Global Protein−Protein Interaction Network in the Human Pathogen Mycobacterium tuberculosis H37Rv
journal contributionposted on 03.12.2010, 00:00 by Yi Wang, Tao Cui, Cong Zhang, Min Yang, Yuanxia Huang, Weihui Li, Lei Zhang, Chunhui Gao, Yang He, Yuqing Li, Feng Huang, Jumei Zeng, Cheng Huang, Qiong Yang, Yuxi Tian, Chunchao Zhao, Huanchun Chen, Hua Zhang, Zheng-Guo He
Analysis of the protein−protein interaction network of a pathogen is a powerful approach for dissecting gene function, potential signal transduction, and virulence pathways. This study looks at the construction of a global protein−protein interaction (PPI) network for the human pathogen Mycobacterium tuberculosis H37Rv, based on a high-throughput bacterial two-hybrid method. Almost the entire ORFeome was cloned, and more than 8000 novel interactions were identified. The overall quality of the PPI network was validated through two independent methods, and a high success rate of more than 60% was obtained. The parameters of PPI networks were calculated. The average shortest path length was 4.31. The topological coefficient of the M. tuberculosis B2H network perfectly followed a power law distribution (correlation = 0.999; R-squared = 0.999) and represented the best fit in all currently available PPI networks. A cross-species PPI network comparison revealed 94 conserved subnetworks between M. tuberculosis and several prokaryotic organism PPI networks. The global network was linked to the protein secretion pathway. Two WhiB-like regulators were found to be highly connected proteins in the global network. This is the first systematic noncomputational PPI data for the human pathogen, and it provides a useful resource for studies of infection mechanisms, new signaling pathways, and novel antituberculosis drug development.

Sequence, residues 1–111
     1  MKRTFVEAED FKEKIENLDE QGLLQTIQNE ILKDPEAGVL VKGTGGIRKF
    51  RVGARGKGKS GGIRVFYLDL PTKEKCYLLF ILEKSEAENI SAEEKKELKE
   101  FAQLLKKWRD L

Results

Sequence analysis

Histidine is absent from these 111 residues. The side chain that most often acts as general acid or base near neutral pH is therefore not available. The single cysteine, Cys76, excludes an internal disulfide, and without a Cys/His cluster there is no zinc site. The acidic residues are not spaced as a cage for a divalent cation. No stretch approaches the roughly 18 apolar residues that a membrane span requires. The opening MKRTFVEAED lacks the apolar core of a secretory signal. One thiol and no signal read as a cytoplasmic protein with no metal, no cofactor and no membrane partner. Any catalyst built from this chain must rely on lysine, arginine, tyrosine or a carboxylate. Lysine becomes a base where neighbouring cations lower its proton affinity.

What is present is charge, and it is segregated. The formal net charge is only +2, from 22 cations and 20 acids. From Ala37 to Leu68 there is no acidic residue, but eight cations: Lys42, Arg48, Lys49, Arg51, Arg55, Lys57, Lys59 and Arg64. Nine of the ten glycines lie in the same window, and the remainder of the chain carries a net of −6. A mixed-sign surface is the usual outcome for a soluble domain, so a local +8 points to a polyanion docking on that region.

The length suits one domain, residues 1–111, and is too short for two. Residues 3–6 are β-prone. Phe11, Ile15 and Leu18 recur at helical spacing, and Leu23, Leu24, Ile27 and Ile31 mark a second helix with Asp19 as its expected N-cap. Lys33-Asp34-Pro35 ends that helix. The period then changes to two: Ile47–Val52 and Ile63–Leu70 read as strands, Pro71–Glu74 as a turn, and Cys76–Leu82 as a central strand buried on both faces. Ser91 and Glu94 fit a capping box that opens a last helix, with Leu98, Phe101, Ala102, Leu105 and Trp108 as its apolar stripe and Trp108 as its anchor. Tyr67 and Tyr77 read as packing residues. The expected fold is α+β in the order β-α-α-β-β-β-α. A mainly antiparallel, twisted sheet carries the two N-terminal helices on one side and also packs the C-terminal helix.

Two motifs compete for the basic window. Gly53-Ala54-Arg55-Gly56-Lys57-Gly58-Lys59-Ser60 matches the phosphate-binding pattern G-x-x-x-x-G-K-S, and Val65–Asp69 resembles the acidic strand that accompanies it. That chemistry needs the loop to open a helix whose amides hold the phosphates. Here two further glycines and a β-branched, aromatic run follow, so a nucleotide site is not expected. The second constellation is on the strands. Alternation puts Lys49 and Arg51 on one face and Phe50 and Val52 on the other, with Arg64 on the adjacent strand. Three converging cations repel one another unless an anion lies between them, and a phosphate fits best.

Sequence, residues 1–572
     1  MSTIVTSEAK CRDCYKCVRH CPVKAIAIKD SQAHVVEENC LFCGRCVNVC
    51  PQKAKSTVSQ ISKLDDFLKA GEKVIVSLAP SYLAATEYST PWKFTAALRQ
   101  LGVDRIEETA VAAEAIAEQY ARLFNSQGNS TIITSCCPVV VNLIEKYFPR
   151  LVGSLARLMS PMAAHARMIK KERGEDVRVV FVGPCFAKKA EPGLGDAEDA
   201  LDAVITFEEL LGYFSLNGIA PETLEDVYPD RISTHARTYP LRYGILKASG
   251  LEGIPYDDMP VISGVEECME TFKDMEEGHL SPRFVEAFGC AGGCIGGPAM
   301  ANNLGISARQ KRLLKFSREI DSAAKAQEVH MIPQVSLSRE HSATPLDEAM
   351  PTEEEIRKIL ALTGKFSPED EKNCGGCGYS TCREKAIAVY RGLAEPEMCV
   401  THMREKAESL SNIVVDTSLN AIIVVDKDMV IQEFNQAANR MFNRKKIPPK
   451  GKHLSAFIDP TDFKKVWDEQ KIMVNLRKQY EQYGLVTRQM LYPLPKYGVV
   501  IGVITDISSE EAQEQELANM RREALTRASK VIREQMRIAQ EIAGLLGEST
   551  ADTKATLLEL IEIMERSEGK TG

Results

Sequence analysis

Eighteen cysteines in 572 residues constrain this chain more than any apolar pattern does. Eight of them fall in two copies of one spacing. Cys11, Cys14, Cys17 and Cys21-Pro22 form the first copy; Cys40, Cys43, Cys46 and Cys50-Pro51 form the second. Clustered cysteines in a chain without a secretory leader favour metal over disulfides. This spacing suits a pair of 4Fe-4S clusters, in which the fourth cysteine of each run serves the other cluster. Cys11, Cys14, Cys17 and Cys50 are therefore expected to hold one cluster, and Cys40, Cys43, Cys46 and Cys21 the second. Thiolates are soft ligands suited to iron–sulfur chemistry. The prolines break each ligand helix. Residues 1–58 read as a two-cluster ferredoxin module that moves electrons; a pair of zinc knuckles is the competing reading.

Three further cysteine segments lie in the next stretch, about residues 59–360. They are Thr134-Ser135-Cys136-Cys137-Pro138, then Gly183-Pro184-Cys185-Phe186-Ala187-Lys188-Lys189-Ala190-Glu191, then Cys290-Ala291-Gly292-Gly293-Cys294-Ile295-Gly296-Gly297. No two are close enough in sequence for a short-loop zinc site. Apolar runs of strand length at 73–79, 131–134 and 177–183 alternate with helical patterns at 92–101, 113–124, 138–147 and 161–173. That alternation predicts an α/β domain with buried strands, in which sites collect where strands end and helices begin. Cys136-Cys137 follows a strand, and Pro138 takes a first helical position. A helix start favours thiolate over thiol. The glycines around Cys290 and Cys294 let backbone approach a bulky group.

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Human Pathogen Mycobacterium tuberculosis H 37RvAnalysisprokaryotic organism PPI networksnovel antituberculosis drug developmenttuberculosis B 2H networkprotein secretion pathwaynoncomputational PPI dataPPI networkspower law distributionpathogen Mycobacterium tuberculosis H 37Rv8000 novel interactions